Email marketing alone is a powerful medium, combined with other communication channels, as part of an integrated campaign; it’s even more effective.
With all of the benefits of email, such as measurability, low costs, low risks, interactivity and being environmentally friendly, it’s also accepted and well received in various global markets as a marketing channel. If highly targeted, relevant and localised, it can generate high response rates and return on investment.
So even though your marketing budgets are being scrutinized and cut you can still grow your business. First, you’ll need to grow and store a high quality list of companies and contacts with email addresses for your new markets. This is pivotal to your email marketing strategy; there are two ways you can do this, organically or through acquisition.
Growing your email list organically
Email addresses and data can be organically acquired and captured via online channels such as localised websites, landing pages, banner advertisements on localised third party sites and popular local social media sites. Your sites or landing pages should request email addresses and opt-in permission on forms.
You can run campaigns on all of the above sites offering incentives for people to follow your call to actions, which should lead visitors to completing data captures forms. As a starting point forms should be brief, so as not to lose the contact, capturing the most basic information like: company name, contact name, email address, email marketing opt in permission and mobile number. Incentives such as localised free whitepapers or cool gadgets, like iPads, can be used to persuade contacts to provide their data for follow-up. Emerging markets have huge young populations and so cool gadgets, as incentives, work well; however, you want to ensure you’re capturing relevant, quality data too for further B2B marketing, not just contacts who want to win a prize.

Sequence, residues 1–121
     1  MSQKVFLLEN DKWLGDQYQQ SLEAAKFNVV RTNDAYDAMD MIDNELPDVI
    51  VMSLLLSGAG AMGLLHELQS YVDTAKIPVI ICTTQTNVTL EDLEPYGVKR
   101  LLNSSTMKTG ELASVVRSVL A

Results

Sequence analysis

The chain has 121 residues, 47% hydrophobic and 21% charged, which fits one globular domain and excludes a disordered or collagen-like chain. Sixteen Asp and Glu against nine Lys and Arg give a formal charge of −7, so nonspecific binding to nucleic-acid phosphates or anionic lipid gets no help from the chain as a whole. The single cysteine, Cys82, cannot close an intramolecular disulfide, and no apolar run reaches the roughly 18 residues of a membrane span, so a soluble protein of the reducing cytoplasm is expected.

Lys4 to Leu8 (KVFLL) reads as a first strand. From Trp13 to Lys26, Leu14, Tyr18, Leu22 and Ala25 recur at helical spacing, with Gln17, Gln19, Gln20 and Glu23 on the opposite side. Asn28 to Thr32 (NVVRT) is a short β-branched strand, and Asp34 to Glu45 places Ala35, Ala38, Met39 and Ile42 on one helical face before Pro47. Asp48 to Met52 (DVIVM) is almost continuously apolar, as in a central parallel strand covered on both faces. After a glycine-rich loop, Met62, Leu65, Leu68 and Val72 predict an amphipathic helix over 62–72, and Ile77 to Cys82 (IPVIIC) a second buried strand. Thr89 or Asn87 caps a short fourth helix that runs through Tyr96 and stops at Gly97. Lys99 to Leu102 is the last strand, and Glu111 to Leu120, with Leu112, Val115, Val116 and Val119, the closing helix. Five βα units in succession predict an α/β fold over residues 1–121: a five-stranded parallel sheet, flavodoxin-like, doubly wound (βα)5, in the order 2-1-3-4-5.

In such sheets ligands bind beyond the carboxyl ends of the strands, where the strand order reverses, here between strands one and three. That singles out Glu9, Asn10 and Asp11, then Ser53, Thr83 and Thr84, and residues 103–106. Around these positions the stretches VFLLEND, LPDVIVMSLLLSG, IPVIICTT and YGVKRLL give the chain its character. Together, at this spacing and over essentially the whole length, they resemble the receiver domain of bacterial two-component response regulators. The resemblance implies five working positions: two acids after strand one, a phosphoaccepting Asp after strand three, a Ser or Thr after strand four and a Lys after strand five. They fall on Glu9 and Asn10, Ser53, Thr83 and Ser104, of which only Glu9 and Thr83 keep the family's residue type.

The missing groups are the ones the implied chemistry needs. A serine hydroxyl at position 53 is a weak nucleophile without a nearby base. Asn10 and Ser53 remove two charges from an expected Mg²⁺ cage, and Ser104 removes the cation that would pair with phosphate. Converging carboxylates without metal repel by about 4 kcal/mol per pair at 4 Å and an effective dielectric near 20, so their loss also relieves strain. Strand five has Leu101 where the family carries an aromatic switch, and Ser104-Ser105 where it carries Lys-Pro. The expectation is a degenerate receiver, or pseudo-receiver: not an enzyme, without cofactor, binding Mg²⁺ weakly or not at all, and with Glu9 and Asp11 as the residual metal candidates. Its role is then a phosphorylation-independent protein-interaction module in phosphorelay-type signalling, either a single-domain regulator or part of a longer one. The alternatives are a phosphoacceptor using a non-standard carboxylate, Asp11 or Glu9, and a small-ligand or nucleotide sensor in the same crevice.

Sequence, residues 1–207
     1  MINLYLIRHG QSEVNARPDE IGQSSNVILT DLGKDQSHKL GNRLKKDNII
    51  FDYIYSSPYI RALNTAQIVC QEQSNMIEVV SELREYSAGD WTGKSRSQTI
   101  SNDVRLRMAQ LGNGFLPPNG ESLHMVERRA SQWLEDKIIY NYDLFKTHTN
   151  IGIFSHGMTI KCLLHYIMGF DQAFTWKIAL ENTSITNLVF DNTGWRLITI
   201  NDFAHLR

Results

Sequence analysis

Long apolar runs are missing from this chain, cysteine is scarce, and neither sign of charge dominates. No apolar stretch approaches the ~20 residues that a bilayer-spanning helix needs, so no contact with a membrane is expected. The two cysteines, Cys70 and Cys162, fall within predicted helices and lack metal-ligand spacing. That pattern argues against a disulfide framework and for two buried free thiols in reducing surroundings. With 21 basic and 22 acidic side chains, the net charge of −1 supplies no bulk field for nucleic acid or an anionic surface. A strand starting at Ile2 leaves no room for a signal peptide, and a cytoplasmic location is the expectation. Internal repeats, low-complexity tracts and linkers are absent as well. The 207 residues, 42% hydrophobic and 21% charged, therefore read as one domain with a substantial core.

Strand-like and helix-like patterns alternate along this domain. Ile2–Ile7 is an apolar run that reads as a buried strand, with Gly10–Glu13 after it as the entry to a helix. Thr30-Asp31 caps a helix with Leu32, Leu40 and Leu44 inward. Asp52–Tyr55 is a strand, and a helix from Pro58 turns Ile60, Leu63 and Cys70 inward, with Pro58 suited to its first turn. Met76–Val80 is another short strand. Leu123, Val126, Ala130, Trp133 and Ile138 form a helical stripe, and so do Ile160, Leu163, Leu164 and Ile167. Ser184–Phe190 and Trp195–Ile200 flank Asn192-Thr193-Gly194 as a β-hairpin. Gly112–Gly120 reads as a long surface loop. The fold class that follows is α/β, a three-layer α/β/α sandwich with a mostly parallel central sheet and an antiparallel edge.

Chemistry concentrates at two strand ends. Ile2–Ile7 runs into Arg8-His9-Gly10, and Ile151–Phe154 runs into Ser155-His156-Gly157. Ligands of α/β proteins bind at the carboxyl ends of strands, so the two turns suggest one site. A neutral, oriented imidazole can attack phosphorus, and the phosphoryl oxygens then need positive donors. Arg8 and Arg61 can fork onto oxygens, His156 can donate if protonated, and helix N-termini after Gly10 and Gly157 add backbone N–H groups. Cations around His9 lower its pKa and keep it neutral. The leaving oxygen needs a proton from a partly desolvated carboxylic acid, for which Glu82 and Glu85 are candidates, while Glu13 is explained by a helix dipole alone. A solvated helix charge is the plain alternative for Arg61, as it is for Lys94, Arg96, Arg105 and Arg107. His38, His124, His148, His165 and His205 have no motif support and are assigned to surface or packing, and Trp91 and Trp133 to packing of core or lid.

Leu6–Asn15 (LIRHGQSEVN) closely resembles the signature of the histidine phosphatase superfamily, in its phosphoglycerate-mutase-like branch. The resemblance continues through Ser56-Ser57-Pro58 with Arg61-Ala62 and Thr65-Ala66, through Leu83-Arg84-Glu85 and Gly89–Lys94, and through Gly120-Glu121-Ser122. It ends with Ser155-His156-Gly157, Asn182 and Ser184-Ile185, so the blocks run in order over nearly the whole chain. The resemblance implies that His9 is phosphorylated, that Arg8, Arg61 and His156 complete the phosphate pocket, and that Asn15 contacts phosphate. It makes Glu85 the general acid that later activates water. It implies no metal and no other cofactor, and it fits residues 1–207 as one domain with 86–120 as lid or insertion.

You can test different offers by measuring the number and quality of responses captured in comparison to others used for different campaigns. Quality can be measured by tracking the number of leads generated from responses with call centre follow up, by reviewing the companies captured, and measuring responses to follow up campaigns.
As the data captured is self reported you’ll want to ensure the validity of data, you can do this by asking contacts to enter their emails twice, using automated format checks, or by sending confirmation links to the emails entered, checking to see if emails are valid.
Local tradeshows, sponsorships and conferences
Although online marketing works well in many global markets, traditional marketing is still very popular and together they complement each other and helping to create ROMI.
Whether you’re hosting, exhibiting or sponsoring a local event, they offer excellent opportunities, which shouldn’t be missed, for you to grow your database in global markets. With physical, live events, you’re already interacting with an audience who are interested in what you have to say; perhaps they’ve liaised with your sales team. Data captured at events therefore, is of high quality relative to other forms of data capture.
You can also accept business cards. Pre-event data can be captured by using localised registration sites when marketing your events. Alternatively, if you’re sponsoring the event, the organiser may be able to provide you with the data.